Flat-faced dogs, also known as brachycephalic dogs, are a favorite of many dog owners. According to the American Kennel Club (AKC) 2020 list of recognized breeds the French Bulldog and Bulldog rank second and fifth in popularity.
Flat-faced dogs have broad skulls and an elongated soft palate. Other brachycephalic breeds are the Boxer, Pug, Pekingese, English Toy Spaniel, Shih Tzu, and more. Grooming and bathing are essential to your dog’s health, vitality, and longevity.
Cleaning Facial Folds
Skin folds around the eyes and jowls give flat-faced dogs their trademark wrinkles, as well as increased susceptibility to inflammation and infection. Skin fold dermatitis is an inflammatory condition caused by friction or overgrowth of yeast and bacteria. Moisture, food, and dirt create an optimal breeding environment for bacteria to multiply and cause discomfort for your dog.
Signs of infection include:
Fortunately, regular checking and cleaning can substantially reduce the risk of infection. After wiping the fold with a damp cloth, use a dry cloth to remove excess moisture. “If there’s redness and irritation in the fold, use a zinc oxide paste to keep it dry,” says Lori Hunt, DVM, AKC licensed judge of the French Bulldog. (Note that ingestion of zinc oxide can cause stomach irritation and repeated zinc exposure could contribute to anemia.)
Cleaning Tail Folds
Some dogs have a screw tail, meaning the vertebrae are curved or twisted. As dogs mature, tail folds deepen, becoming prone to dermatitis. Daily cleaning prevents fecal contamination and infection. “If their tail looks puffy, there’s probably a ton of extra hair which can cause areas to go bald,” says Hunt.” She recommends combing out excess fur.
Cleaning Vulvar Folds
In some female dogs, the vulva is encased in a fold. Vulvar folds “require the same care as the tail, where you’re lifting up the fold, cleaning it out, and putting zinc oxide paste to keep it dry,” advises Hunt.
Eyes need daily checking because “flat-faced dogs are more prone to corneal ulcers,” says Hunt. Look for squinting, swelling, and cloudiness. Some tear production is normal for lubricating the eye and removing debris. Excessive tearing, however, should be checked with your veterinarian as it may be a sign of allergies, infection, or eyelid abnormalities.
A healthy ear is pink and odorless. Your dog’s ear canal should be clean and dry after bathing or swimming. Floppy ears tend to get less ventilation than pointed ones. With both ear types, check for the accumulation of wax and dirt and brush the edges of the ear to remove excess fur.
For most dogs, cleaning the ear once or twice a week is sufficient. Dogs with allergies or recurrent ear infections likely need more attention. Watch for vigorous head shaking or rubbing to alleviate itchiness.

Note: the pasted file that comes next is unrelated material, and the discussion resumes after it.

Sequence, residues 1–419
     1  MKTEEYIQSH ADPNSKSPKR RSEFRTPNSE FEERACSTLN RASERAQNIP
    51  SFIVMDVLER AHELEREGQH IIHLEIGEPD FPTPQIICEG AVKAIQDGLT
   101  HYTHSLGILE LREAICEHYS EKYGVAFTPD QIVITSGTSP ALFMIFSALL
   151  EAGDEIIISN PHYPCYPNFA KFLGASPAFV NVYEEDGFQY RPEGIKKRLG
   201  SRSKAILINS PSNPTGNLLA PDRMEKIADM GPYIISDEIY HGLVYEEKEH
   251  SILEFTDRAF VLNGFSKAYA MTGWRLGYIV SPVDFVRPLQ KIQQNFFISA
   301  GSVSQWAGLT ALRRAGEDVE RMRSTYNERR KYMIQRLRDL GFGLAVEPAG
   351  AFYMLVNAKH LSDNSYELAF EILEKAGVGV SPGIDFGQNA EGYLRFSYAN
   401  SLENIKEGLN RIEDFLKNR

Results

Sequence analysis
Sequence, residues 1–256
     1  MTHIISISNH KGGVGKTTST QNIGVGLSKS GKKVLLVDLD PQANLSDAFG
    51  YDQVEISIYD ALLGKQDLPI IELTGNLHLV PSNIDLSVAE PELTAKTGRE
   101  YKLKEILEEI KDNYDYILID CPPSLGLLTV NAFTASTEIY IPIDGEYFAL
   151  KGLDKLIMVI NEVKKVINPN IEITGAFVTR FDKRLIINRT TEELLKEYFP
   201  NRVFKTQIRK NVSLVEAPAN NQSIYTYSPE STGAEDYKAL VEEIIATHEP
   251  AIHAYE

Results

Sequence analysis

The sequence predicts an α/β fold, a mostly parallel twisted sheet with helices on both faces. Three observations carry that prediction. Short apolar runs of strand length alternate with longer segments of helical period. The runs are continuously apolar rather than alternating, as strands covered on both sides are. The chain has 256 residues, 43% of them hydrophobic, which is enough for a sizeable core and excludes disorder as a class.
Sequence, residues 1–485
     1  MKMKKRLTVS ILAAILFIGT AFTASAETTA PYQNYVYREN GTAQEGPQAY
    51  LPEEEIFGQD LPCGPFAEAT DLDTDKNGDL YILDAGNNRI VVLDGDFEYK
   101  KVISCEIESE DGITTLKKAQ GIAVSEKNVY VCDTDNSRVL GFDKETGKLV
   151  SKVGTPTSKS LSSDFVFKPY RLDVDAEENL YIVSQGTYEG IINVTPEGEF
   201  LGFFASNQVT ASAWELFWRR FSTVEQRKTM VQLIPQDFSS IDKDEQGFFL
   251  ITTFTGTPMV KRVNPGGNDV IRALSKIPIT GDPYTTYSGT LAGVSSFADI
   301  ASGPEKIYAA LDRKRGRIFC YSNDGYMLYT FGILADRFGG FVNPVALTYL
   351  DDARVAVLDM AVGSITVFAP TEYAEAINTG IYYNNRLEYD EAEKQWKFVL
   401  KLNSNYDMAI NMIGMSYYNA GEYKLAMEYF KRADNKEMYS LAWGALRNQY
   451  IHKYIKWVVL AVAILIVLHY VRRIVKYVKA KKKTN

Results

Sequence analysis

When cleaning the ear, use a cotton ball or gauze and distilled water. An alternative is a veterinary-approved ear cleaner although these solutions “can disrupt the natural pH of the ear,” explains Hunt.
Dry and cracked noses aren’t merely an aesthetic issue. If left untreated, a crusty scab can develop, inhibiting your dog’s ability to breathe, smell, and regulate body temperature. “When you get the scab off, it’s infected and raw underneath,” says Hunt. She suggests applying a moisturizing balm several times a week to prevent dryness and infection.
Flat-faced dogs tend to have thick nails that curl in toward their paw. “The nail width and thickness of a French Bulldog is equivalent to what you see on a Labrador,” says Hunt.
Long nails can impair your dog’s mobility. Hunt recommends trimming nails twice a month. Nail grinders with a narrow tip can get into tight spaces between the nail and pads. If you use clippers, “clip the nail on an angle at the top and bottom, making a point,” advises Hunt.
Smaller dogs tend to experience dental overcrowding and tooth displacement. Overcrowding occurs when dogs retain their baby teeth alongside their adult teeth, the result of which can be periodontal disease and premature tooth loss.
Regardless of your dog’s age, regular brushing is important. “Ideally, you would brush their teeth as much as you brush your own,” says Hunt. “Nobody does that. Doing it once a week or even once a month would be helpful.”
Apply toothpaste designed for dogs on a toothbrush, rubber finger brush, or gauze. Take care when brushing the incisors which tend to be more pronounced in flat-faced dogs. Between brushings, use a 50-50 solution of water and mouthwash containing no xylitol which is toxic to dogs. “You can spray around the gum line to kill the bacteria that form plaque,” adds Hunt.
Bathing Your Dog
Brush your short or medium-coated dog before and after a bath to prevent matting and irritation. Use a bristle brush or rubber-toothed comb. Remove loose fur, making sure to pull out the dead undercoat which needs daily brushing during shedding season.
Every two to three months is sufficient for bathing a less active, indoor dog. Bathe them on a non-slip rubber mat and avoid leaving them unattended. Use a cup or low-pressure setting to keep your dog from swallowing or aspirating water. Create a lather with a shampoo specially formulated for your dog’s coat type and color.
Hunt recommends a washcloth and medicated shampoo to “clean up the folds and get the yeast and bacteria out of there.” Scrub the coat in one direction, feeling around for any bumps or abrasions. “If you go back and forth, you’ll break the hair shaft and make them break out,” she says.
Rinse the shampoo off, squeezing out excess water. Dry your dog thoroughly using a towel or a hairdryer on low heat. Hunt suggests a leave-in conditioner if your dog has dry or flaky skin.
Hunt emphasizes “grooming is important because dogs can end up with medical problems from not doing it.” Flat-faced dogs draw people in with their expressive eyes and abundant wrinkles. Keep these irresistible features in top shape with daily checking and cleaning.